When working in bankruptcy and reorganization, one has to consider whether the purchaser is a private or public company, and how various financial and accounting regulations may affect that purchaser. In its broadest definition, a business transaction includes sales, acquisitions, mergers, spinoffs, licensing, and joint ventures that involve transferring title of intellectual property from one entity to another.
The valuation process is obviously driven by business issues. However, national and international tax and accounting regulations and standards also play a role in these transactions. In the US, the most important of these regulations, particularly for public companies, are the FASB sections 141, 142, 144, and 147.
These FASB sections primarily speak to valuation and the booking of assets. They require that all business combinations must use the purchase method of accounting, and must value all the intangibles in what is known as a purchase price allocation report. This purchase price allocation also must be updated on a regular basis, for so-called “impairment tests” to see if the value of the intangible asset has been impaired or reduced in value. In addition, these regulations also provide standard provisions for depreciating the remaining useful life of intangible assets and how those assets will be amortized. Again most briefly stated, these sections require that any intangible asset or IP that has a finite useful life must be valued, capitalized, and then depreciated. However, those intangibles with indefinite useful lives (e.g. many trademarks) are not amortized.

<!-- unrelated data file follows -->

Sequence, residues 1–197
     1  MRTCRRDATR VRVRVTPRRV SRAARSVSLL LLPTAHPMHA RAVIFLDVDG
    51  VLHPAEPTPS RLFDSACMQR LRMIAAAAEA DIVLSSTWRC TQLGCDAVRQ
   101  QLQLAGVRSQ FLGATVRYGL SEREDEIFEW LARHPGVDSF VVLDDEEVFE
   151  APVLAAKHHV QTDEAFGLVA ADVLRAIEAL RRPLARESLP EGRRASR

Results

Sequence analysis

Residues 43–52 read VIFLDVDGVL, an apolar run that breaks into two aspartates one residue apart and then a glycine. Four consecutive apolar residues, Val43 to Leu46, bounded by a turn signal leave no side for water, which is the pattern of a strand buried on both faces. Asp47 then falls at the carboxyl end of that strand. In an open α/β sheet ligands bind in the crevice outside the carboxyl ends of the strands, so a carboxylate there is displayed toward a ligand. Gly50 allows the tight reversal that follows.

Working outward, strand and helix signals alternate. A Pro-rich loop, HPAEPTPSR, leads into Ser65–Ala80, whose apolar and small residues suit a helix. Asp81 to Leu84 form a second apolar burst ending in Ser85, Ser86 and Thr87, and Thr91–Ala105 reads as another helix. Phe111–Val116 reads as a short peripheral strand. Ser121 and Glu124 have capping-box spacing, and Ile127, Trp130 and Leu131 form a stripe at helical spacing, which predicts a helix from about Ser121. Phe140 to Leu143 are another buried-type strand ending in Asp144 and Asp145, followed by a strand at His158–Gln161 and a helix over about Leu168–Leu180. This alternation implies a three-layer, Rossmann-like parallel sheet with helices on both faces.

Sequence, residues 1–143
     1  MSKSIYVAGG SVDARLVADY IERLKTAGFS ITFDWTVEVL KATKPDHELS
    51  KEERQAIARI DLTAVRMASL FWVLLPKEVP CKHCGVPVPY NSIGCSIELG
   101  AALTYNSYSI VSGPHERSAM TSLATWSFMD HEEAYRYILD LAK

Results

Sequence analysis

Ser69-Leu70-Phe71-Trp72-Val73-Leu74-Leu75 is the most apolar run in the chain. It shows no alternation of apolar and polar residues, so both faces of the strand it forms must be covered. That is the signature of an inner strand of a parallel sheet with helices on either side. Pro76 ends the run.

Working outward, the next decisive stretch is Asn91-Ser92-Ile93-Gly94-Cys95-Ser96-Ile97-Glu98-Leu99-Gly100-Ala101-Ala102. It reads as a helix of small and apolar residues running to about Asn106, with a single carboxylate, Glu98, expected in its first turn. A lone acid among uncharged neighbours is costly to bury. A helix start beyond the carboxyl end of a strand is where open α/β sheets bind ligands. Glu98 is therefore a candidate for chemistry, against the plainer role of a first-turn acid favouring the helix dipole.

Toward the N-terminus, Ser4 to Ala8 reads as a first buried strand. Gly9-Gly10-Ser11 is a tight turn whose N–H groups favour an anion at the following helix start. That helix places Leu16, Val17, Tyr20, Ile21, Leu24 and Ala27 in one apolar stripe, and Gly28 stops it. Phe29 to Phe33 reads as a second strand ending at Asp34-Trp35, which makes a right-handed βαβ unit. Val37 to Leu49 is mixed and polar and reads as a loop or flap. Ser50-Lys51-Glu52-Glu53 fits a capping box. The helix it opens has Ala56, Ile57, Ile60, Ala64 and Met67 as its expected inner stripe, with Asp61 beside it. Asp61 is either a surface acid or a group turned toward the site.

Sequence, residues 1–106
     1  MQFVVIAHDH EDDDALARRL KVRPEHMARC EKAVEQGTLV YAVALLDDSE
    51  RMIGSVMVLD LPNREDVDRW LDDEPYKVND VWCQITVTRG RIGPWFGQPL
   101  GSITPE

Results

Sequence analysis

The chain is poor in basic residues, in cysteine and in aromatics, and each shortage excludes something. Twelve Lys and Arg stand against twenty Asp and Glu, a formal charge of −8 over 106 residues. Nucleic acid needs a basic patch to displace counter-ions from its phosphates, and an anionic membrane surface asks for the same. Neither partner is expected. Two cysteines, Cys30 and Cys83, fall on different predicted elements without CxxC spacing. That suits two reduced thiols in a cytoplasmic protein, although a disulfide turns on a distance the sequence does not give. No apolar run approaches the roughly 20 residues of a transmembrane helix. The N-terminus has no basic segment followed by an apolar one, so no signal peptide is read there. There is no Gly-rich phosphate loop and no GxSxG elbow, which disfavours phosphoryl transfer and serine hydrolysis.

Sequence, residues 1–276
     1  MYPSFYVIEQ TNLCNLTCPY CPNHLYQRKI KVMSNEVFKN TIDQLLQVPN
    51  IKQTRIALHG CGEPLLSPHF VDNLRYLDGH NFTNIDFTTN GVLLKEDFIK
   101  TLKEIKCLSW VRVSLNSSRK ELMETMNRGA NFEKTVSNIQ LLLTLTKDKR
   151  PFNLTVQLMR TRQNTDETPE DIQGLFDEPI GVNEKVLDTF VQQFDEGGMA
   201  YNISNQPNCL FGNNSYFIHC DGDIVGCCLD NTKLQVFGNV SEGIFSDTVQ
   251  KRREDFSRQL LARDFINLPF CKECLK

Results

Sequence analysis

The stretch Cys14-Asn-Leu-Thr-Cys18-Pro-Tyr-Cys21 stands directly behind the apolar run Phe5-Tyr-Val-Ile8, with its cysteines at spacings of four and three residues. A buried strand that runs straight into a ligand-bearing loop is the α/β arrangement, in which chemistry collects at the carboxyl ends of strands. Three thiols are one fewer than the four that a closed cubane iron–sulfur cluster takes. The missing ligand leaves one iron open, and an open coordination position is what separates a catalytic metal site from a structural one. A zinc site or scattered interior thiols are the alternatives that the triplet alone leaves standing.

Under FASB, IP and other intangible assets must be valued on an asset by asset basis in what is known as a stand-alone value. There is more detail, more complexity, while at the same time the regulations are striving for more transparency, and more frequent verification of the value of intangibles, making this a very complex topic that is not well understood by many who are not specialists in IP and the accounting aspects of these regulations. Experts at CONSOR are well-versed in the federal requirements, and have prepared numerous reports involving purchase price allocation and impairment testing.